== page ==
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jthaman
13 days ago
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Maryland
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On the Term “Randomization Test”

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jthaman
70 days ago
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Maryland
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Bayesian Calibration of p‐Values from Fisher's Exact Test

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Summary

p‐Values are commonly transformed to lower bounds on Bayes factors, so‐called minimum Bayes factors. For the linear model, a sample‐size adjusted minimum Bayes factor over the class of g‐priors on the regression coefficients has recently been proposed (Held & Ott, The American Statistician 70(4), 335–341, 2016). Here, we extend this methodology to a logistic regression to obtain a sample‐size adjusted minimum Bayes factor for 2 × 2 contingency tables. We then study the relationship between this minimum Bayes factor and two‐sided p‐values from Fisher's exact test, as well as less conservative alternatives, with a novel parametric regression approach. It turns out that for all p‐values considered, the maximal evidence against the point null hypothesis is inversely related to the sample size. The same qualitative relationship is observed for minimum Bayes factors over the more general class of symmetric prior distributions. For the p‐values from Fisher's exact test, the minimum Bayes factors do on average not tend to the large‐sample bound as the sample size becomes large, but for the less conservative alternatives, the large‐sample behaviour is as expected.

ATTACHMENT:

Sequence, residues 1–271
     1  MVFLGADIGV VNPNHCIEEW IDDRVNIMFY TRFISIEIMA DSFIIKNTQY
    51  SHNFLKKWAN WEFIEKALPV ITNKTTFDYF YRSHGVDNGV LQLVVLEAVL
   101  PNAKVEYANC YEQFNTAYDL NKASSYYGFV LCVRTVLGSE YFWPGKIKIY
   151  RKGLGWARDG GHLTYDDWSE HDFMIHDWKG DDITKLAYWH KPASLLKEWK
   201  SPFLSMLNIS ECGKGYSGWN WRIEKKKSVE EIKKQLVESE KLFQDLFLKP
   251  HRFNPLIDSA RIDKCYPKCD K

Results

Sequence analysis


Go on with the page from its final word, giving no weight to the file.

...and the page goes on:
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jthaman
475 days ago
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Maryland
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Those who live by ChatGPT are destined to get advice of unpredictable quality

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jthaman
512 days ago
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Maryland
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Improving a graph